Laptop recovery software can help you recover stolen goods, but one laptop recovery firm may have stepped (or perhaps stomped) over a privacy line when its agents intercepted images from an explicit webcam session between the holder of a stolen laptop and her boyfriend.
Wired reports on an Ohio woman who was unwittingly using a stolen laptop and was caught with it because it had laptop tracking software on it provided by Absolute Software. The stolen property charges were dismissed in court relatively quickly. So far, so ordinary, but in this case she's alleging that Absolute stepped over a line when it moved from simply tracking IP addresses, which any laptop or smartphone tracking solution tends to do. Apple, for example, is apparently looking at beefing up its Find My iPhone service soon.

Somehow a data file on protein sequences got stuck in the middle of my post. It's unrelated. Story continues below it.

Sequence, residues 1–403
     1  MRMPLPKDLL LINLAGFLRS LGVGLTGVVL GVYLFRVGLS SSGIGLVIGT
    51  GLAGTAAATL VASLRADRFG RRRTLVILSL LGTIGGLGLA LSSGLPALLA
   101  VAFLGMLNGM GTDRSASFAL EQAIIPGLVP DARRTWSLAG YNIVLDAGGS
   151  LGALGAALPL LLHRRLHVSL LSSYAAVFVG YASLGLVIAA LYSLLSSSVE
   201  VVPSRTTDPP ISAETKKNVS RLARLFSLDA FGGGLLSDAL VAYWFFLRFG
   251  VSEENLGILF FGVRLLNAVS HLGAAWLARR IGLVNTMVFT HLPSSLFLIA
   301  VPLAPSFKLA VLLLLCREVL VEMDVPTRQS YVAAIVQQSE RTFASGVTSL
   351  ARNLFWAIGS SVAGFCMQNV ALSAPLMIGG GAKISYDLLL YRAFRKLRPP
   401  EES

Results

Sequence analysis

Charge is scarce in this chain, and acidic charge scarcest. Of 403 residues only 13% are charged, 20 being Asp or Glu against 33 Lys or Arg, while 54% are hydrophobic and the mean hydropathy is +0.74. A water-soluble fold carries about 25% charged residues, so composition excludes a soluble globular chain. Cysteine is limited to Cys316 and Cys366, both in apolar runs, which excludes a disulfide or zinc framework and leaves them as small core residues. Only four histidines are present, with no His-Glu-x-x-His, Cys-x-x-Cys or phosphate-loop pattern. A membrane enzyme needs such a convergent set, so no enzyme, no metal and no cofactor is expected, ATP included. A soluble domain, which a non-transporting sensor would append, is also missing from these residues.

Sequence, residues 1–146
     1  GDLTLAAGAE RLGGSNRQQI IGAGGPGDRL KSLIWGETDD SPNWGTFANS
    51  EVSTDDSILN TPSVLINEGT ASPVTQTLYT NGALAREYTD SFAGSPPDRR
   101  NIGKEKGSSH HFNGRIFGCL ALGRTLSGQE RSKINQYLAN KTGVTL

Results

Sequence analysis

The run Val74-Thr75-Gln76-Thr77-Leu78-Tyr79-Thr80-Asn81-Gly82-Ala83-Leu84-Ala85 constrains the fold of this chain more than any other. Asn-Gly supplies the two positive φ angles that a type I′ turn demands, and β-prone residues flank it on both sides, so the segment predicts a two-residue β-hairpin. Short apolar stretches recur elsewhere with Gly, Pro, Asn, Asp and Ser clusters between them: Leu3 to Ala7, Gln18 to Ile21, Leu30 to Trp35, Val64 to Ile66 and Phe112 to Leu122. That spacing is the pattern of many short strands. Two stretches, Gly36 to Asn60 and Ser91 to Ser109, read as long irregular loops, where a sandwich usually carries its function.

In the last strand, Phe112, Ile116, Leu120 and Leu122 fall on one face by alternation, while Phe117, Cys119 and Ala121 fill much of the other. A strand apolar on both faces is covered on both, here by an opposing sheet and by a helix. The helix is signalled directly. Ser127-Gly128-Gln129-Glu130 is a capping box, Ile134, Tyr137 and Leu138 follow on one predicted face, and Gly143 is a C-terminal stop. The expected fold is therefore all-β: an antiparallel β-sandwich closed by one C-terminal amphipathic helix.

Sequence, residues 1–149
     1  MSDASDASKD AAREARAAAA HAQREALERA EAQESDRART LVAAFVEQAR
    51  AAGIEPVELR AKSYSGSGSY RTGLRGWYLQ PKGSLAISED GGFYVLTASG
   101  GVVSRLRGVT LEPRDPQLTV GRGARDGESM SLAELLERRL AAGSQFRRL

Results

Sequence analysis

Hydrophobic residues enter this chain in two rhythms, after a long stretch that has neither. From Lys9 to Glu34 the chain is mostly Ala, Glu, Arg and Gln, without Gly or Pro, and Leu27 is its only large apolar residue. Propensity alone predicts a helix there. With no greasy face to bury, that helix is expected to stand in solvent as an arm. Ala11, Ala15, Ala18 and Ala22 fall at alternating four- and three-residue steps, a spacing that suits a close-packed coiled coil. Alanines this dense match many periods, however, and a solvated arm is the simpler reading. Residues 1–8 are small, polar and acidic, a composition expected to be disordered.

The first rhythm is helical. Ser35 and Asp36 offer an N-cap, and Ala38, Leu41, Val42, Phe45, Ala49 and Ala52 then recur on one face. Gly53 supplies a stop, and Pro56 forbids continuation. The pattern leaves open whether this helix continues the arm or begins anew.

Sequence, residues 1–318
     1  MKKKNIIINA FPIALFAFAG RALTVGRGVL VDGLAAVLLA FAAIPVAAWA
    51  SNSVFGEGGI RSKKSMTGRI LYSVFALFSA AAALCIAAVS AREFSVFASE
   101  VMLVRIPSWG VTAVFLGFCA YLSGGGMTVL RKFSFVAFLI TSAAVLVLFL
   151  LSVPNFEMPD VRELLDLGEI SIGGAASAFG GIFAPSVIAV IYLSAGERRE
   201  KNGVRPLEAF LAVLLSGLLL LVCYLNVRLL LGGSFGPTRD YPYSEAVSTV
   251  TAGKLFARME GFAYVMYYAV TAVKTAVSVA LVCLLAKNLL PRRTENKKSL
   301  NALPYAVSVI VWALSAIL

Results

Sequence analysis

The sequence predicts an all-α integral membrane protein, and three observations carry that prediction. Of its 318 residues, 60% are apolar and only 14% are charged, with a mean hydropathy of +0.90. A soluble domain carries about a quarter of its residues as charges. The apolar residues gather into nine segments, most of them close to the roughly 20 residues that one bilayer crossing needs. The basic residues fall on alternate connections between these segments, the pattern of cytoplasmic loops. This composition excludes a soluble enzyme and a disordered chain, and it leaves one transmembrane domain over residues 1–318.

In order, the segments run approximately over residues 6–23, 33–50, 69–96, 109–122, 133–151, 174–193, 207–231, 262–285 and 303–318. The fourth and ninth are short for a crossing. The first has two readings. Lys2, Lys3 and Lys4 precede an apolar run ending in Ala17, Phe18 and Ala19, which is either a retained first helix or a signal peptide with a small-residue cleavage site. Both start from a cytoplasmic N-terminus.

Where it gets messy is that Absolute's agents also allegedly started intercepting email messages and took screenshots of the woman when she was engaged in rather explicit webcam communication with her boyfriend. She's suing for invasion of privacy, something that Absolute sought to have summarily quashed. So far, it's not winning, with the judge in question ruling in the woman's favour, stating in his summary judgement that
'It is one thing to cause a stolen computer to report its IP address or its geographical location in an effort to track it down. It is something entirely different to violate federal wiretapping laws by intercepting the electronic communications of the person using the stolen laptop.'
Plenty of laptop monitoring software includes remote screenshot capabilities. Do you think this crosses the line? [Wired]